Study: No COVID-19 Herd Immunity from Previous Common Cold Infections

Blood samples find common cold antibodies in nearly everybody, but they appear to offer little help against COVID-19 infections.


Back in the summer, some tentative research suggested that prior infections with the four coronaviruses associated with the common cold might confer some protection against the COVID-19 virus. Based on these findings, some scientists speculated that the threshold for COVID-19 herd immunity was low and could be soon reached. In other words, they thought the pandemic could be over sooner and ultimately be less lethal than many feared.

Unfortunately, a new study in the journal Cell suggests that hope was unfounded.

Herd immunity is the resistance to the spread of a contagious disease that results if a sufficiently high proportion of a population is immune to the illness. Some people are still susceptible, but they are surrounded by immune individuals who serve as a barrier, preventing the microbes from reaching them. Epidemiologists generally estimate that the COVID-19 threshold for herd immunity is around 70 to 90 percent.

It's now pretty clear that the herd immunity threshold could not be as low as some of those researchers hoped. Otherwise, the northern hemisphere would not have seen a winter surge in COVID-19 diagnoses, hospitalizations, and deaths:

Now the Cell study undermines the hypothesis that prior infection with common cold coronaviruses provides a substantial protection against COVID-19 infection. University of Pennsylvania researcher Scott Hensley and his colleagues tested blood samples taken from people prior to the onset of the pandemic for antibodies to the common cold coronaviruses. These were then compared to two sets of post-pandemic samples: a control group, and a group whose samples were banked before the pandemic and who later went on to test positive for COVID-19.

The researchers found antibodies to the common cold coronaviruses in the more than 400 samples taken in 2017. The samples came from both adults and children, but the scientists focused on the children, because other researchers had suggested that children could be especially protected from COVID-19 infections because they catch colds more frequently. Another hypothesis was that the antibodies generated by prior common cold infections might protect people later infected with COVID-19 from severe illness.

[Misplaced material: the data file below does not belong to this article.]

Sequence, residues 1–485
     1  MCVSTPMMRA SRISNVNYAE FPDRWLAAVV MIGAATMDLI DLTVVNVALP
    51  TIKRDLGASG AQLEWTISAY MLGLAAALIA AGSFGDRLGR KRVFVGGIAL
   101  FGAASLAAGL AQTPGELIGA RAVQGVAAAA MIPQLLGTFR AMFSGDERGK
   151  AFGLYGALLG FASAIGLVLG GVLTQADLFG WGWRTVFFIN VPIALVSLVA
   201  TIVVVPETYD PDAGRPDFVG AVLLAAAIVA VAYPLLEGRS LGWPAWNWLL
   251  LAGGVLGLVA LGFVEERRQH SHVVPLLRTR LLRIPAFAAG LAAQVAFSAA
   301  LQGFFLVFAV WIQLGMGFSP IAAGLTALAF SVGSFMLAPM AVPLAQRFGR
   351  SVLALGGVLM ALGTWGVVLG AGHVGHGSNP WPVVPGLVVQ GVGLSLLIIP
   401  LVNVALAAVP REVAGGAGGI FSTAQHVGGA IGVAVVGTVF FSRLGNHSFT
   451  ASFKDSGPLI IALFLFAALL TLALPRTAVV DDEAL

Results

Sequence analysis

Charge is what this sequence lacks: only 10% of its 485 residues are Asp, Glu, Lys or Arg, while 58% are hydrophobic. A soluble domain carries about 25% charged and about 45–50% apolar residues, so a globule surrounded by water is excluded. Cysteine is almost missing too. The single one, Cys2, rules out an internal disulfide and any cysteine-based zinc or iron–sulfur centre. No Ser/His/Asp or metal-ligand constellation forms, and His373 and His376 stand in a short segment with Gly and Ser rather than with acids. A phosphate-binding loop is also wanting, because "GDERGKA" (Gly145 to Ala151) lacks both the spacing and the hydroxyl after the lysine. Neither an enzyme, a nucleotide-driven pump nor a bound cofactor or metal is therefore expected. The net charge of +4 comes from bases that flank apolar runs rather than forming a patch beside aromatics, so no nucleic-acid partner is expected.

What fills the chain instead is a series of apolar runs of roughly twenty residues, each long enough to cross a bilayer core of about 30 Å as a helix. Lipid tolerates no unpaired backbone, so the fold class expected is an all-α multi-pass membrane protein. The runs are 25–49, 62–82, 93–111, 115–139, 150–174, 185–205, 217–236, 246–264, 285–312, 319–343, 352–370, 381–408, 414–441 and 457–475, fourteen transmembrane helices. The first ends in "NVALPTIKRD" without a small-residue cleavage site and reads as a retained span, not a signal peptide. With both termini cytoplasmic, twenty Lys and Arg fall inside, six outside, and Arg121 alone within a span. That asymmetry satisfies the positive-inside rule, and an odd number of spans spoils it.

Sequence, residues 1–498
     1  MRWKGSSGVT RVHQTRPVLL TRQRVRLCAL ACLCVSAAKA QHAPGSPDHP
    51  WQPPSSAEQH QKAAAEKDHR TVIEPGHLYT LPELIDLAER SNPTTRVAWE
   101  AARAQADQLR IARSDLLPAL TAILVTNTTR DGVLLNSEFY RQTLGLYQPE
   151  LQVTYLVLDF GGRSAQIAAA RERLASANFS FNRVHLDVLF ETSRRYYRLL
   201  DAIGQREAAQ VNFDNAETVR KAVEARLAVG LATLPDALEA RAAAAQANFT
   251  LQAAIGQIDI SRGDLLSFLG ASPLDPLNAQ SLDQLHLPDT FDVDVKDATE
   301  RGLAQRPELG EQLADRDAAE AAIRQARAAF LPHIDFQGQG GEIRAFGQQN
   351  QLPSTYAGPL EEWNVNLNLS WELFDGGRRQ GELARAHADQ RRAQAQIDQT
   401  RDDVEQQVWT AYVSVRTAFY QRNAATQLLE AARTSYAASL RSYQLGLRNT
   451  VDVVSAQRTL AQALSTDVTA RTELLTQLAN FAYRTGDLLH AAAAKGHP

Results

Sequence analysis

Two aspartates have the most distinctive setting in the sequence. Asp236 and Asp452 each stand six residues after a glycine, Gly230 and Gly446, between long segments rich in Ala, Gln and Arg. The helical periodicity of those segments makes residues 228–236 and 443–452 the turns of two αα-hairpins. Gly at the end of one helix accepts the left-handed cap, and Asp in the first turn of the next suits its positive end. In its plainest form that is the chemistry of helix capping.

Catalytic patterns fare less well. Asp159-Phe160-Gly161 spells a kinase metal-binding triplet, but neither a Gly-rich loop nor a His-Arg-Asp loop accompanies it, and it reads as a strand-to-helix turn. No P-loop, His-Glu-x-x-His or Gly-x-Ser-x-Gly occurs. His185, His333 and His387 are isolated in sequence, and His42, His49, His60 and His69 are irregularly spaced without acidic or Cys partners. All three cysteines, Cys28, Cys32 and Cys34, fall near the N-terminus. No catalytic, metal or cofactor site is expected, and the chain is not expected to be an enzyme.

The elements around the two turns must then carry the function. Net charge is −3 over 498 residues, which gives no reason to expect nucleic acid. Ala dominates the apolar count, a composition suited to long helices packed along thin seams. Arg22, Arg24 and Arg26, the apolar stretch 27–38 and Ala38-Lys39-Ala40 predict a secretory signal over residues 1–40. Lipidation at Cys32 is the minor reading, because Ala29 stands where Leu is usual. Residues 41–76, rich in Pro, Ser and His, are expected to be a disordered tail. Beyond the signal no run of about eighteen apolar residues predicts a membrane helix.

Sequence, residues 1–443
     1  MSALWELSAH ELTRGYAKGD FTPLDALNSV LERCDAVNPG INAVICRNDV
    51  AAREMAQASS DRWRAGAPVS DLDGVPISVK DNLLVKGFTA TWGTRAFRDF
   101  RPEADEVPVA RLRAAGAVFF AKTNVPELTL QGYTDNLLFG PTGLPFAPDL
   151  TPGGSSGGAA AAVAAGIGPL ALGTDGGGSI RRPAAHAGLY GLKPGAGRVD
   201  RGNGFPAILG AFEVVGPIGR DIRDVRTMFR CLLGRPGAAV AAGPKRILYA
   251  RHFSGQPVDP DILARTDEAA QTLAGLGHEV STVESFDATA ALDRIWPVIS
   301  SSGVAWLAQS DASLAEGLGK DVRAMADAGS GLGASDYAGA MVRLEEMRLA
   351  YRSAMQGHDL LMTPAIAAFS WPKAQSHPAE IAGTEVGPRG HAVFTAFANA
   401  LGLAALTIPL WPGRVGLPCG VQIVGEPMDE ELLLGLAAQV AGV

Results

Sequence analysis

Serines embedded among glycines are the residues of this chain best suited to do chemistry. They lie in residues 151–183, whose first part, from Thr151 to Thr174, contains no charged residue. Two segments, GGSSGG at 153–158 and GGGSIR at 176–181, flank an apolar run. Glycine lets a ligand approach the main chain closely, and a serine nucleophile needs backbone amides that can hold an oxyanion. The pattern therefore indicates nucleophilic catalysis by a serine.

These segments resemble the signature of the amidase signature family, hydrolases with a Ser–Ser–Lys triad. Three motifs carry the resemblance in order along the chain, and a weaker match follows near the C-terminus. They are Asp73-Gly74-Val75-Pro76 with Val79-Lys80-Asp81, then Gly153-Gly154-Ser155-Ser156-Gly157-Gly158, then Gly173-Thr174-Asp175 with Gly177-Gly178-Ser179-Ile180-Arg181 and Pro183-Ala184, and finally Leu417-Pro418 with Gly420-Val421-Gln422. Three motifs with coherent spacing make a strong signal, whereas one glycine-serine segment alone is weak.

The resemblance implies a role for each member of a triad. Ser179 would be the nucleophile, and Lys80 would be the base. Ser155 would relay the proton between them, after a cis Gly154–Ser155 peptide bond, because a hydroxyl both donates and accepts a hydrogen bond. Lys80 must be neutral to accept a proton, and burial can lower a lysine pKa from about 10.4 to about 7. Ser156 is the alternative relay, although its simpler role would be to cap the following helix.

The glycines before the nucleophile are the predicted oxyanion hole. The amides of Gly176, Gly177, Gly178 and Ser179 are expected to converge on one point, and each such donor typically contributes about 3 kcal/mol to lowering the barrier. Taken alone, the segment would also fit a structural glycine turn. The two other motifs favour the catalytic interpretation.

In around 20 percent of both the pre-pandemic and post-pandemic samples, some common cold antibodies reacted to the COVID-19 virus. As a press release detailing the results points out, the similar proportions in the two groups imply "that they provided no protection against [COVID-19 virus] infection." Furthermore, the presence of pre-pandemic common cold antibodies that reacted with the COVID-19 virus did not correlate with less hospitalization, less ICU care, or other signs that the disease was less severe.

As the researchers note, it is still possible that other, longer-lasting forms of immunity, such as that conferred by the T-cells generated by common cold infections, might provide some measure of protection against subsequent COVID-19 infections.

So when might the U.S. reach herd immunity against COVID-19?

(Youyang Gu)

Data scientist Youyang Gu has laid out a path toward herd immunity calculating the combined effects of immunity acquired from infection and vaccinations. If there is no especially speedy ramp-up in vaccinations, and assuming a low threshold of 60 percent, he thinks herd immunity could be achieved by the middle of May.